BGU researchers redesign portion of FDA-approved drug into new molecule to treat ALS

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Ben-Gurion University of the Negev (BGU) researchers are developing a new therapy for Amyotrophic Lateral Sclerosis (ALS) using part of an existing FDA-approved drug that restores the central nervous system's (CNS) immune defenses and increases life expectancy.

ALS, also known as Lou Gehrig's disease, is a lethal, progressive neurodegenerative disorder that affects the motor nerve cells in both the brain and the spinal cord. The progressive degeneration of motor neurons leads to atrophy, paralysis and eventually death due to failure of the respiratory muscles.

Since the exact cause of ALS is unknown, current research has focused on extending the post-onset life expectancy, which is currently between two to five years for most patients.

Part of the disease's progression is linked to increased activity of glial cells, a type of immune cell that damages and kills the body's motor neuron cells and decreases their ability to cleanse the CNS environment.

Dr. Rachel Lichtenstein of the Avram and Stella Goldstein-Goren Department of Biotechnology Engineering at BGU has focused on reducing this negative immune response. "We found a way to thwart the glial cells from attacking and killing healthy brain cells," says Dr. Lichtenstein.

She successfully redesigned a portion of MabThera, an FDA-approved drug used to treat certain autoimmune diseases and types of cancer, into a new molecule to treat ALS.

"Our experimental results on ALS transgenic mice showed a significant increase in life expectancy", says Dr. Lichtenstein. "Since the drug is already approved, we believe that we will only need limited preclinical testing to reach the clinical phase earlier than other initiatives."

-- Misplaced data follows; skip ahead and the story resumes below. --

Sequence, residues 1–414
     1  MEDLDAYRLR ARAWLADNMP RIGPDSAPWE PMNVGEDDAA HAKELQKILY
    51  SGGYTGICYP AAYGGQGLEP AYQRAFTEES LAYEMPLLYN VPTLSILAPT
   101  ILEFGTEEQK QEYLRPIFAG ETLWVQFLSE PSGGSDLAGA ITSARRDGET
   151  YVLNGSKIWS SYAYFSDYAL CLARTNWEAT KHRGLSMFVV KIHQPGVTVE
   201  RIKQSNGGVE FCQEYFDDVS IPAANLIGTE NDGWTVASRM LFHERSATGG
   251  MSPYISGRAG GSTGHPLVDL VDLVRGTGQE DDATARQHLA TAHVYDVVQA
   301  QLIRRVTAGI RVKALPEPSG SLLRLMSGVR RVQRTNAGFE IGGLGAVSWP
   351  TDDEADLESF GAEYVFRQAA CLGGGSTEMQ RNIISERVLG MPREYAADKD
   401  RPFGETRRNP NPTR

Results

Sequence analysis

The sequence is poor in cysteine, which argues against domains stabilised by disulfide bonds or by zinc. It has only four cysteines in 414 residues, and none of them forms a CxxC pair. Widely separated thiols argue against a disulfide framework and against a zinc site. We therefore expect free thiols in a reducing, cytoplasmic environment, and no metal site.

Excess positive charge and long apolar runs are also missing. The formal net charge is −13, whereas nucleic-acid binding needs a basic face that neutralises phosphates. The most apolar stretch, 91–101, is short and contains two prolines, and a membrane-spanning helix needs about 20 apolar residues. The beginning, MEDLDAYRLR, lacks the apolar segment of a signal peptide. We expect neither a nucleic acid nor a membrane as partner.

"This could also have major implications on the life expectancy of other neurodegenerative disease patients with Alzheimer's and Parkinson's," says Dr. Ora Horovitz, senior vice president of business development at BGN Technologies, BGU's technology transfer and commercialization company. "Our new drug candidate may prove effective in boosting the self-cleansing mechanism of the human brain, thereby improving the lives of millions of people." The researchers are now seeking a pharmaceutical company partner.

Currently, there are only two drugs available for ALS patients: Reluzole (Rilutek), which helps extend patient survival by only three to six months; and the recently FDA- approved Edaravone (Radicava), which has demonstrated relatively modest success.

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